"That we're now using the Voyagers to guide us back to Earth," I said, "that we're now using all the data that they had sent back to Earth to guide humanity into space... to guide us back to Earth."

My companion laughed, "I hadn't thought of it that way. But, now that you mention it, it is kind of funny."

"I mean," I said, trying to finish my sentence before laughing, "we even have both of the probes on the homeship! We're trying to bring them back to Earth!"

The two of us burst into laughter at the absurdity of it.

"Thank you, by the way," I said, as our laughter died down, "The way that you told the story..."

"It reminded me about why we're doing this," I said.

I took their hand and gave it a gentle squeeze.

They smiled and gave my hand a gentle squeeze as well.

Suddenly, a loud guitar riff interrupted us, before the drums joined in as well - the next song on the Record had begun playing.

Surprised and embarrassed, we both pulled our hands back.

"W-Well, um," my companion began, "s-should we be on our way?"

I nodded, "Y-Yes, let's go."

And so, our scoutship began making its way back to the homeship, as Johnny B. Goode blared on the speakers.

A small scoutship makes its way back to its homeship - a giant spaceship that carries all of known humanity within it.

Inside the homeship rests Voyager 1 and Voyager 2.

And so, the Voyagers begin another journey, guiding humanity once more - this time, back to that Pale Blue Dot.

And that wraps up this collection of Retelling Myths!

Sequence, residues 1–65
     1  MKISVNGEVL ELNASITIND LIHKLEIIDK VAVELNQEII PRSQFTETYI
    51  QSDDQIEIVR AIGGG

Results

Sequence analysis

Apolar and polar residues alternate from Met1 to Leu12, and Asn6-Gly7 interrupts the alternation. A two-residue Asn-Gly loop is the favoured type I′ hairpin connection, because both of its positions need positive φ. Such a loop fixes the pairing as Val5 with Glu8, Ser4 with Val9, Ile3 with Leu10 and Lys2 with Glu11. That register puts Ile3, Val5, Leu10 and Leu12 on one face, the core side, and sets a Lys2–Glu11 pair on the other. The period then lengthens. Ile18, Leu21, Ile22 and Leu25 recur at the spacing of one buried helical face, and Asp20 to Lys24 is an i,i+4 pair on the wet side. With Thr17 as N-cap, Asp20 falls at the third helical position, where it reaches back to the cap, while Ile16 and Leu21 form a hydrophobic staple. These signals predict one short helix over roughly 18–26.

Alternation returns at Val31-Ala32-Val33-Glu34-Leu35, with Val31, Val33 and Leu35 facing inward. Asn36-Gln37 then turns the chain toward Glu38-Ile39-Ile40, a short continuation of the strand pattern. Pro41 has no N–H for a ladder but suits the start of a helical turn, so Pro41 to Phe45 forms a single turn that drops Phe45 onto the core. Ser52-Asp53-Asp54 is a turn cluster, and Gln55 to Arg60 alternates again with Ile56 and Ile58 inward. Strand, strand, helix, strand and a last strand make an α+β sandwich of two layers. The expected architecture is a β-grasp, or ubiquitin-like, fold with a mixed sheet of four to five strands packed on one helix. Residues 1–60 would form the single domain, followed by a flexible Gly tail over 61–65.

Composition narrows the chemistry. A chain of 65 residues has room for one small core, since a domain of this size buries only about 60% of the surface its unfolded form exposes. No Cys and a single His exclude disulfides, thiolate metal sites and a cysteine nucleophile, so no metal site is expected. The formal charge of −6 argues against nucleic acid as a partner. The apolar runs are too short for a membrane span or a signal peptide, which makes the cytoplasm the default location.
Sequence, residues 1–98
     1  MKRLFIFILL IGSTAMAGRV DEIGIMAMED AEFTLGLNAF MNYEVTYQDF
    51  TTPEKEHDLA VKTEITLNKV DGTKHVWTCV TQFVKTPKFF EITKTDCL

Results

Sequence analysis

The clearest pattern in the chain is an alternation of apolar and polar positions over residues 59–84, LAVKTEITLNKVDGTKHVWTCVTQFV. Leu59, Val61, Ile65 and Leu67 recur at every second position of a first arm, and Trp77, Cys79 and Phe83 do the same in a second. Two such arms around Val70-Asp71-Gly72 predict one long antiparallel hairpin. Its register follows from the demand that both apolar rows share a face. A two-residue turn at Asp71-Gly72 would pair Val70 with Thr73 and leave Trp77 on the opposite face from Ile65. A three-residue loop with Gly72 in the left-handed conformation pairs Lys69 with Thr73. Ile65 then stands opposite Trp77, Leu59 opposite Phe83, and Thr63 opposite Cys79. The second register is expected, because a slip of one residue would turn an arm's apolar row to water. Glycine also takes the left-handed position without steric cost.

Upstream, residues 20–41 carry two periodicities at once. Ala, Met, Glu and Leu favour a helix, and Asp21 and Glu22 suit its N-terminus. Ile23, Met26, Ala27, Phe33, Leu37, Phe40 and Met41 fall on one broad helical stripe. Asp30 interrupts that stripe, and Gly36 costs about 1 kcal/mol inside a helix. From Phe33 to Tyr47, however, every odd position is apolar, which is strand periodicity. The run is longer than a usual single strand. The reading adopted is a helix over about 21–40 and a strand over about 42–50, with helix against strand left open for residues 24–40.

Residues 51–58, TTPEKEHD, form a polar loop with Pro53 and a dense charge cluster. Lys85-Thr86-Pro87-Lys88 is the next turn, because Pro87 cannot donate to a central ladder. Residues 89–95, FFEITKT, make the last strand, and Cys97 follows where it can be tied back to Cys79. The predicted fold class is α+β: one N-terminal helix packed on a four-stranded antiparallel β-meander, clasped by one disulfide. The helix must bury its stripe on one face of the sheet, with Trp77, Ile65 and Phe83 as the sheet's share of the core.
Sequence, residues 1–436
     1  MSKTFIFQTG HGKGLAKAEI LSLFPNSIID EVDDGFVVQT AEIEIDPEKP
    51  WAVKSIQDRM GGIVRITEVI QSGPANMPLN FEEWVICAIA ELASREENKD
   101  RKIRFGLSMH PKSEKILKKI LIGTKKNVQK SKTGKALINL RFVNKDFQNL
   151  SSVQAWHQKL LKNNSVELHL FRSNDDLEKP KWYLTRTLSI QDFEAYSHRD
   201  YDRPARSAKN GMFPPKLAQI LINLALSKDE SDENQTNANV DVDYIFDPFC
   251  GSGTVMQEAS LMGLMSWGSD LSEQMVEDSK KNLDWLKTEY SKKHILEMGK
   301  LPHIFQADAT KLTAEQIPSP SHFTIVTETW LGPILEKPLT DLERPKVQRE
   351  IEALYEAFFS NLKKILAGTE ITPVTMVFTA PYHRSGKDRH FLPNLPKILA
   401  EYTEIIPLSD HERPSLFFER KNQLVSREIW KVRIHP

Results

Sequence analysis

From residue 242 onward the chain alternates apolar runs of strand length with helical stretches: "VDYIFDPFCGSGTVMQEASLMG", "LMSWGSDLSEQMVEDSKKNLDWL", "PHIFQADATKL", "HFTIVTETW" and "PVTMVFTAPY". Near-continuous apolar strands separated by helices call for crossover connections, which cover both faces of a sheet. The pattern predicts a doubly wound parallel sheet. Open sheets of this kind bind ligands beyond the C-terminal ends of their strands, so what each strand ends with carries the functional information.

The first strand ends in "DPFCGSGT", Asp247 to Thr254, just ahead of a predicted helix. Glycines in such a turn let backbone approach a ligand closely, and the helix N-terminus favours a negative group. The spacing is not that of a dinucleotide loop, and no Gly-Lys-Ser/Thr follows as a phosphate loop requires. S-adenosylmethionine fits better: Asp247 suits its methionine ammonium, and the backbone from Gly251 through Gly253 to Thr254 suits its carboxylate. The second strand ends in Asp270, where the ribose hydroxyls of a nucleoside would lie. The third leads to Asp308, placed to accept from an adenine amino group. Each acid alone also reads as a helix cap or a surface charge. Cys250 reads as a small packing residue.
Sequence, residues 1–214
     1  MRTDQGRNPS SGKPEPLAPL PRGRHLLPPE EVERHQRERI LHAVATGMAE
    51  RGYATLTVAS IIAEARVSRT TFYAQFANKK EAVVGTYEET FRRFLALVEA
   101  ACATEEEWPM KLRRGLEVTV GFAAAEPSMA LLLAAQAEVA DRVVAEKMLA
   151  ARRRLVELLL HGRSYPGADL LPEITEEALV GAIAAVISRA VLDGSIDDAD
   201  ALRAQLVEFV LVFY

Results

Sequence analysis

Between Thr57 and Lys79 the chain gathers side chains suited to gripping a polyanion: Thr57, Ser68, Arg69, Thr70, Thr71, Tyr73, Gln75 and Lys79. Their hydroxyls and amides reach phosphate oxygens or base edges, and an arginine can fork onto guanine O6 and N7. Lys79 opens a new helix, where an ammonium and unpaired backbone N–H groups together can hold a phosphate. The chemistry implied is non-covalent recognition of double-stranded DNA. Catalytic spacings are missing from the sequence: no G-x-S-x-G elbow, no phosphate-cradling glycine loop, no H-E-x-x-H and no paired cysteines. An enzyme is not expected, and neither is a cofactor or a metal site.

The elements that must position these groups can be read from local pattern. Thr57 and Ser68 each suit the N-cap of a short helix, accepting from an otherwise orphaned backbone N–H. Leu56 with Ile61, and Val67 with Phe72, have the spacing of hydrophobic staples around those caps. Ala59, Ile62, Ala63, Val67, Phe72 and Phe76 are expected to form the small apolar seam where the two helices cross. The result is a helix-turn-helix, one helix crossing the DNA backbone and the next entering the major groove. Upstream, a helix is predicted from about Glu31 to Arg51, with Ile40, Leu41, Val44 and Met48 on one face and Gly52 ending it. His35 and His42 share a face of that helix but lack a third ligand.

This was released three years, to the date, after I had released the very first Retelling Myths - so, just in time for the third anniversary!
33 stories in 3 years - that's not bad!
To begin, I would like to thank my friend for inspiring part of this story - they're a librarian who also tells stories to kids, so you can guess which part they inspired.
As for the story itself - some of the historical details and reasons about the Voyager program are fudged, and it was definitely romanticized.
But, that is exactly what would happen if someone was telling somebody about an event that had happened a long time ago, especially if they were telling it as a story.
That being said, however, I didn't change much of the story this time, so I don't have a long commentary for it.
I chose to end this collection with this story because I felt that it was a good story to carry us into the future.
After a full set of stories that retold tales about and from the past, I felt that it was important to end on a story about the future.
And I wanted to end on the note that even in the far future, humans will still be... retelling myths.